Federal parks officials held a formal event Tuesday establishing a new national park named after abolitionist Harriet Tubman in upstate New York, reports NBC News.
From NBC News:
Members of the state’s congressional delegation joined U.S. Interior Secretary Sally Jewell in Washington, D.C., for the official signing ceremony Tuesday that makes the [Harriet Tubman National Historical Park] part of the National Park Service system. It encompasses the site of Tubman’s old home on the outskirts of Auburn, about 25 miles west of Syracuse, and a nearby church where she worshipped.
The New York park will focus on Tubman’s work later on in her life when she was an active proponent of women’s suffrage and other causes. It will be a sister park to the Harriet Tubman Underground Railroad National Historical Park in Maryland.
“These two parks preserve and showcase a more complete history of one of America’s pivotal humanitarians who, at great personal risk, did so much to secure the freedom of hundreds of formerly enslaved people,” Secretary Jewell said. “Her selfless commitment to a more perfect union is testament that one determined person, no matter her station in life or the odds against her, can make a tremendous difference.”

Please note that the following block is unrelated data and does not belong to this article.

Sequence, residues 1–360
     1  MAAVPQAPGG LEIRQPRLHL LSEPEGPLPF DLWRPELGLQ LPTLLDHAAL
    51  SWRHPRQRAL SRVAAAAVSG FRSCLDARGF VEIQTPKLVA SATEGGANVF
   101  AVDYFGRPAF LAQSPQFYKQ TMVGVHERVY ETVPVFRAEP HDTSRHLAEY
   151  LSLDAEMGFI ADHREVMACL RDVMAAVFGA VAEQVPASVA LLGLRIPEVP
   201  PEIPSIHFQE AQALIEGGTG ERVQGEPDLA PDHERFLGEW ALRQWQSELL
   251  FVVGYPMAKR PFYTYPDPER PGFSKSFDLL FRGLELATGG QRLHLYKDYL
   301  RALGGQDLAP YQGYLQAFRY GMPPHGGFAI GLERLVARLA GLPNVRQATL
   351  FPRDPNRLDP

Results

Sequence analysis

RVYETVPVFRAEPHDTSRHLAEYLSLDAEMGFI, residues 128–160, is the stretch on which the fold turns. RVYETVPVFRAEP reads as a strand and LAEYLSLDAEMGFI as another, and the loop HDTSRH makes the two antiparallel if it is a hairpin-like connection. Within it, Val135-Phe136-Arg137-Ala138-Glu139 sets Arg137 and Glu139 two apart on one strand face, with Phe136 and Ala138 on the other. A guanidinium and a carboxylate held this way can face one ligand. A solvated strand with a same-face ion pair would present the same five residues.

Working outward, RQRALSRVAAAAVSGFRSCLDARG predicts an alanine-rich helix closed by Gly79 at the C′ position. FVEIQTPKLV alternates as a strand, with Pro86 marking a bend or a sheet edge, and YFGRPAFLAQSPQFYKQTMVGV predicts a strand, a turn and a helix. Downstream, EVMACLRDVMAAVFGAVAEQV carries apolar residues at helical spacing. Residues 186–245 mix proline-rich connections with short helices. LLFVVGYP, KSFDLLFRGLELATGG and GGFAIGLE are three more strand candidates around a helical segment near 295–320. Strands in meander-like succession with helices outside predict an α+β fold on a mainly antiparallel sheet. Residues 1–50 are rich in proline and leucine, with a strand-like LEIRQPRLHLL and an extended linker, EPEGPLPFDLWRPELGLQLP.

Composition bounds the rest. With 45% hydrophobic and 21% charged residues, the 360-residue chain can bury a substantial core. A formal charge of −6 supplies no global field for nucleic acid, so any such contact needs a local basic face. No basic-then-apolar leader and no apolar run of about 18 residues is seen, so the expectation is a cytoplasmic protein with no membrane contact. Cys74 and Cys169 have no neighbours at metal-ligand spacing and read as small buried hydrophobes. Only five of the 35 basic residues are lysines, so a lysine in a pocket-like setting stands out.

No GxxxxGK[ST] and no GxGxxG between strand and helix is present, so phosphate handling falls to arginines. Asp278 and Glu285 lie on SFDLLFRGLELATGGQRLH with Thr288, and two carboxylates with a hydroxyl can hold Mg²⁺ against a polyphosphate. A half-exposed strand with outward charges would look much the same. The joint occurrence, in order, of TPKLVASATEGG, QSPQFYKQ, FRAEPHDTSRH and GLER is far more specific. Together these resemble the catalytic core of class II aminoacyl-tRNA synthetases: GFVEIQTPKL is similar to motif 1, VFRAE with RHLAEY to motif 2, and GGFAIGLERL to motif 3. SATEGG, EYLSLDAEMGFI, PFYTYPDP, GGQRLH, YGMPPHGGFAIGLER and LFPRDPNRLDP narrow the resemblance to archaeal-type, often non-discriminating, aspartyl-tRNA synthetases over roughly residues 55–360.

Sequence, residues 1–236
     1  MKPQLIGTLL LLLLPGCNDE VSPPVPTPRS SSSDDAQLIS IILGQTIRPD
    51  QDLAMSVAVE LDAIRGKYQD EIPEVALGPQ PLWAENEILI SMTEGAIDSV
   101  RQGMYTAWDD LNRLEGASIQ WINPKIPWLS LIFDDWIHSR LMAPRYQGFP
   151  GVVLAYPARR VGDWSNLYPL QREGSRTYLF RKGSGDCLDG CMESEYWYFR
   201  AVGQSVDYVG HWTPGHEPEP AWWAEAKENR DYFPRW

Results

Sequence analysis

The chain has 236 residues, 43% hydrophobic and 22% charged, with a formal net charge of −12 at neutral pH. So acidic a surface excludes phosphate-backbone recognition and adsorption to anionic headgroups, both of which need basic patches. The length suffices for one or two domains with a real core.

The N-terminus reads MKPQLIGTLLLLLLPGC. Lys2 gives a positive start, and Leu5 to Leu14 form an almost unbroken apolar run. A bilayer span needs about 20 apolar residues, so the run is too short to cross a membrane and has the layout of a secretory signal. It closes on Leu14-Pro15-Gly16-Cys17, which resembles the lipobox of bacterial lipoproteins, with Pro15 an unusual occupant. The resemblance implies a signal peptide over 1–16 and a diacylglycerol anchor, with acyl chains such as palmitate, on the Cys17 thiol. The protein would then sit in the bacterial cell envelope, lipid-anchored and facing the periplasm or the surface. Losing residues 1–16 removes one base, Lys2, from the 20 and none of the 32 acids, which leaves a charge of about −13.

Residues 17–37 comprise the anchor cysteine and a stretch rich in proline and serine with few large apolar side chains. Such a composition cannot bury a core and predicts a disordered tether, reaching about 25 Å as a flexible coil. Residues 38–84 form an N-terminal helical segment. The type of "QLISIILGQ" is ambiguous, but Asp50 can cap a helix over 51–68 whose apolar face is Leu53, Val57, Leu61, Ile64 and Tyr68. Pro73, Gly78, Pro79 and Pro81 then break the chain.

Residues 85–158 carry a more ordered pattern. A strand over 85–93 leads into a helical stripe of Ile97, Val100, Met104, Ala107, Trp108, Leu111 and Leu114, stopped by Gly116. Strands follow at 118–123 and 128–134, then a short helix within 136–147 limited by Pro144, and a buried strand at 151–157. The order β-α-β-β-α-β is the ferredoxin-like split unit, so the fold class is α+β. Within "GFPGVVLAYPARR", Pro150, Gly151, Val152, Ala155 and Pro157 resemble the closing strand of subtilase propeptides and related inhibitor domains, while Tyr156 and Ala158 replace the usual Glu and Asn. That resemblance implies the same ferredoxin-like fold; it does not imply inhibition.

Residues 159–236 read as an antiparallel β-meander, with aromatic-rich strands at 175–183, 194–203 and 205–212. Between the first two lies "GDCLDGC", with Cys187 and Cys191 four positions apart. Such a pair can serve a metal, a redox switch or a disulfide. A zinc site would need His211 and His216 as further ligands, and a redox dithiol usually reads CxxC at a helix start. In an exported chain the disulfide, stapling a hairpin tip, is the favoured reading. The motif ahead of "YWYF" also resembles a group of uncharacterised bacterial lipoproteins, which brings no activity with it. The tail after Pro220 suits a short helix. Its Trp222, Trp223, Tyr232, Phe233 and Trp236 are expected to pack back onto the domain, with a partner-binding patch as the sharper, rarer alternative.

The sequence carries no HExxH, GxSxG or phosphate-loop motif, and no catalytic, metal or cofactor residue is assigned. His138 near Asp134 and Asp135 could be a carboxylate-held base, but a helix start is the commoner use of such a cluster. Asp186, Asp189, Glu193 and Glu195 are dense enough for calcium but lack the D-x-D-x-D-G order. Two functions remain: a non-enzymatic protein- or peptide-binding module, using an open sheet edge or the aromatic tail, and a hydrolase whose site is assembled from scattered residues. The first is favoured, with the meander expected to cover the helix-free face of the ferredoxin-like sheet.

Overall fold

The designation of the Auburn site as a national park comes after a long-running legislative effort, which began in 2000 with a law allowing for a study on how to best preserve the Underground Railroad hero’s legacy, reports USA Today.
SOURCE: NBC News, USA Today
National Park Named For Harriet Tubman Gets Official Stamp Of Approval was originally published on newsone.com